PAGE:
You may have experienced similar feelings when seeing your flowers in bloom or receiving a beautiful bouquet. I know that I have and do when I gaze upon flowers in full bloom. They never cease to make me smile.

Stewart-Smith goes on to say:

“Those tulips were an instance of flower power in action. Beautiful flowers are known to trigger a true smile - an involuntary smile, known as a Duchenne smile - which, unlike a polite smile, lights, up the whole face indicating genuine pleasure.”

No wonder we take flowers to those who are ill or who just need cheering up. The sight of them can really make us feel better.

She continues:

“Such phenomena are rarely researched but in 2005, a study carried out at Rutgers university, New Jersey made an attempt to do this. Jeanette Havilland-Jones and colleagues tested the effects of receiving flowers against other comparable gifts. The results showed that being given a bouquet won hands down. Everyone who was given flowers smiled a ‘true smile’ and experienced a longer-lasting sense of good mood..”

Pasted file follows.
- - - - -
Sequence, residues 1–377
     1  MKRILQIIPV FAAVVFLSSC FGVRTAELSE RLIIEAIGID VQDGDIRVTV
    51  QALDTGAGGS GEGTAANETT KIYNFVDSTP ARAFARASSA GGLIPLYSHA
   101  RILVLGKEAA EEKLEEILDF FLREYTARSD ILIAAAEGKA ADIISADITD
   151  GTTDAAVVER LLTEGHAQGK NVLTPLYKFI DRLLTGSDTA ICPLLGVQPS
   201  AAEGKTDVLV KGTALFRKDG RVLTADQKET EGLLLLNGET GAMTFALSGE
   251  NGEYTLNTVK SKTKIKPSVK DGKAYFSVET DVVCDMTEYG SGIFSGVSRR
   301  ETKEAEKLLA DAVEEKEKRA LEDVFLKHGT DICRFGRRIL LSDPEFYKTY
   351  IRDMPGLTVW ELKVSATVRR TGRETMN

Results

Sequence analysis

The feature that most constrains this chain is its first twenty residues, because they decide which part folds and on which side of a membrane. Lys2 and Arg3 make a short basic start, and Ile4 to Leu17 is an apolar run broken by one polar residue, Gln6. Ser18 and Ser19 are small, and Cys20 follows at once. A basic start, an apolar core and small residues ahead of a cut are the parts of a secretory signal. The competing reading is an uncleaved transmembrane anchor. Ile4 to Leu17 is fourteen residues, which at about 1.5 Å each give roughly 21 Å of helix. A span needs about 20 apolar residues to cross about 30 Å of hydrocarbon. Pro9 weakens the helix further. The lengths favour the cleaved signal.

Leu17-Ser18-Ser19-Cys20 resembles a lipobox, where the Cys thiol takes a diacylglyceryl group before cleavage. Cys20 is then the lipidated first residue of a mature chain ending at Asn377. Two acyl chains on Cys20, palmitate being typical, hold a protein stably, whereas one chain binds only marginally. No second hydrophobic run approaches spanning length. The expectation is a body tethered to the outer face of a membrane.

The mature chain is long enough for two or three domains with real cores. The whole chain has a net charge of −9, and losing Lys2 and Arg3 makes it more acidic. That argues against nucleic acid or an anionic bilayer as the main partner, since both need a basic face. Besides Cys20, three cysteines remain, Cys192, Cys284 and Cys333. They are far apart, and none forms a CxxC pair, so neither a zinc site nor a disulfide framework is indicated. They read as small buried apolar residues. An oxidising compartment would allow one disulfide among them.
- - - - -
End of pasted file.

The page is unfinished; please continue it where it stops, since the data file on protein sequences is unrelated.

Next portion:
Flowers and I believe by extension gardening and tending the soil to grow things is good for you. With this in mind, I think that anyone who has ever gardened cannot fail to resonate with today’s readings. Jesus’ simple parable of the sower uses images and language his hearers would have easily understood. They would have known, as we do, that in order to grow fruitful crops you need to plant them in well cared for, fertile soil. They would also have fully comprehended Isaiah’s words too where he talks about the weather watering the earth and causing seeds to sprout and plants to grow and if you plant well and care for your crops you will end up with the things you want and not the weeds you don’t want. Those Jesus spoke to that day, would have been well aware of the joy a good crop can bring and the well-being it would engender in the community.